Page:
What’s in a name?

‘Real names tell you the story of the things they belong to in my language, in the Old Entish, you might say… I can see and hear (and smell and feel) a great deal from this, from this, from this a-lalla-lalla-rumba-ka-anda-lind-or-burúmë. Excuse me, that is part of my name for it; I do not know that the word is in the outside languages…’

‘Hill? suggested Pippin.
‘Shelf? Step?’, suggested Merry.

Treebeard repeated the words thoughtfully.

‘Hill. Yes, that was it. But it is a hasty word for a thing that has stood here ever since this part of the world was shaped.’

The Lord of the Rings, J R R Tolkien

I first visited St Baglan’s, Llanfaglan in June of 2018 and spent many hours there with Ifor Williams. Ifor is the volunteer at St Baglan’s but in truth the word volunteer does not even begin to describe his what he does for this place. He is our eyes and ears, but again, that doesn’t come close.

Ifor is the guardian of this place. He has studied and researched every inch and era of this church: from the long-lost silver (believed now to be in New Zealand) to the pattern of the lichen on the walls.

He has done so much to enthuse others about the place – he has led tours of the church for university scholars and enthusiasts, he has warmly welcomed visitors from all over the globe, he runs an excellent Facebook page called Hen Eglwys Llanfaglan dedicated to the church and he has written about the interesting history and features of the church in various magazines.

Welsh is Ifor’s mother tongue. When I visited, we spent a long time comparing words in Gaeilge and Cymraeg. Driving around North Wales, Ifor called my attention to the place names: what they meant, what they described, why they are an important part of our heritage – and a part that needs to be protected.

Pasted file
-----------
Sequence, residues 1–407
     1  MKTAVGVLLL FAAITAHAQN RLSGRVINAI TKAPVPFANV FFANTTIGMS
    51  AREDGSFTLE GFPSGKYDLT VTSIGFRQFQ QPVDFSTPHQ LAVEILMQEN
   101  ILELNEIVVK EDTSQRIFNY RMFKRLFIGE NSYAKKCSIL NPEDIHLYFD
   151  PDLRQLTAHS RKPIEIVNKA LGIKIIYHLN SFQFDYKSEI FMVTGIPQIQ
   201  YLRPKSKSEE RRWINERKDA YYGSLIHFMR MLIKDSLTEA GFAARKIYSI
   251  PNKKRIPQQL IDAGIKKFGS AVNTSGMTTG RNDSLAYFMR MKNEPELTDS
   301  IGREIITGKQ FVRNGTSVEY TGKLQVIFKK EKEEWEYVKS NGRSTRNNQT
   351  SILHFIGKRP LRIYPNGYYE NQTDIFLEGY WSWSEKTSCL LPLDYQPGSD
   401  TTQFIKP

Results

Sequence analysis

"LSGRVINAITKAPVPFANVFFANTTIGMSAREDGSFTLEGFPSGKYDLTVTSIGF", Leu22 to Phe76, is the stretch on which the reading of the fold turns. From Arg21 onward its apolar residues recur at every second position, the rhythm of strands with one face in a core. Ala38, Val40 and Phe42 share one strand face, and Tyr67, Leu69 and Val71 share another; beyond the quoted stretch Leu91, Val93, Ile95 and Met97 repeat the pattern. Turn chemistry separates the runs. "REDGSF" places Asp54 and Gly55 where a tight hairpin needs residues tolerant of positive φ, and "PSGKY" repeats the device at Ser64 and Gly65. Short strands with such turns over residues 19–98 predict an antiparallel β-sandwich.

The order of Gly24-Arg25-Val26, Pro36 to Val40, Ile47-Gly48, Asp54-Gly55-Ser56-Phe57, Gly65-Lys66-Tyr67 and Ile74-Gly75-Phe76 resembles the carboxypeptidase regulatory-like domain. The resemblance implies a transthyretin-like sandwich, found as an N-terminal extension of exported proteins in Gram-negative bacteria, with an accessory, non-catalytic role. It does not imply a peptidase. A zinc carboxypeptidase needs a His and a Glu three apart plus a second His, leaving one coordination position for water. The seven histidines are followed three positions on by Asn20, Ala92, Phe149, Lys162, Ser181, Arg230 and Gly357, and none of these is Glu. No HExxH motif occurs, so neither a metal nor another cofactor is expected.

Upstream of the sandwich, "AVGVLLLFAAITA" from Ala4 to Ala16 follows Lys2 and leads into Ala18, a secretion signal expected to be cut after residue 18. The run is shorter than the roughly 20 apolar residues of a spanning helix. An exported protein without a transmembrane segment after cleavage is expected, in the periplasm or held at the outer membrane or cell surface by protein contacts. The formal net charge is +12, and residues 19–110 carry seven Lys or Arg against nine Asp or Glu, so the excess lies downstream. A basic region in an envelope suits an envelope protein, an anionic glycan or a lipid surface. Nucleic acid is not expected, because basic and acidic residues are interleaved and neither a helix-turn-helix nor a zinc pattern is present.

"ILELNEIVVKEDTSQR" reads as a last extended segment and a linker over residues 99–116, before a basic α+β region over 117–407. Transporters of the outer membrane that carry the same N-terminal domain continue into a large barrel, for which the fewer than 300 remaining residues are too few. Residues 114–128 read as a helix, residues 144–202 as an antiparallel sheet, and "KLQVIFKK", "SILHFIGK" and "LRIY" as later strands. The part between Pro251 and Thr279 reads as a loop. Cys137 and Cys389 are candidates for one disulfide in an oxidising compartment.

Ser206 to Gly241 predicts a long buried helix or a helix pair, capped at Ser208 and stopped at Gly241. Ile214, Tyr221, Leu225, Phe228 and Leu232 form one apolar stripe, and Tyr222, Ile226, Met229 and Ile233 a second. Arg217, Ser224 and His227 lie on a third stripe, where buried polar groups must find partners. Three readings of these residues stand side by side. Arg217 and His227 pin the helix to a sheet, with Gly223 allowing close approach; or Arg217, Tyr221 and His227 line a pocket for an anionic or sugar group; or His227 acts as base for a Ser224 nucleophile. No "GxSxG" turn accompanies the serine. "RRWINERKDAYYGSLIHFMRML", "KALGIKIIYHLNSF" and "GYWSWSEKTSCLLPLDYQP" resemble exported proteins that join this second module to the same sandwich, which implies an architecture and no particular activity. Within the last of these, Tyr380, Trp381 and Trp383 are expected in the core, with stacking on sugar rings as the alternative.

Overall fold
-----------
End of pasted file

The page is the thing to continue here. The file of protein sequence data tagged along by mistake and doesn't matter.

As a founder member of Cymdeithas Enwau Lleoedd Cymru (Welsh Place-Name Society), Ifor has an especial interest in this subject. The Society aims to “promote awareness, study and understanding of place names in Wales” and “consider the relationship of place names in Wales with the languages, landscape, history and culture of the country”

Recently, Ifor provided me with an interpretation of all our Welsh church names. Some of my favourites are listed below:

(Note: Llan is an enclosure usually associated with a church. The element which follows, most commonly a personal name, is mutated.)

    • Brithdir: speckled (brith) land (tir)
    • Llanfihangel Rogiet: church of Mihangel (Michael) in the passage of the roe-deer (rogiet)
    • Llangwm Uchaf: upper (uchaf) church in the valley (cwm)
    • Penmorfa: above (pen) the sea-marsh (morfa)
    • Penllech: capstone (of a cromlech)
    • Rhoscrowdder: the moor (rhos) associated with a crythor (player of a crwth or fiddle)
    • Tal-y-llyn above (tal) the (y) lake (llyn)
    • Tremaen: farm (tref) near the standing-stone (maen)
    • Ynyscynhaearn: island (ynys) associated with Cynhaearn

Of course, meaningful place names aren’t restricted to Wales. Our churches in England are situated in equally interestingly-named places, for instance: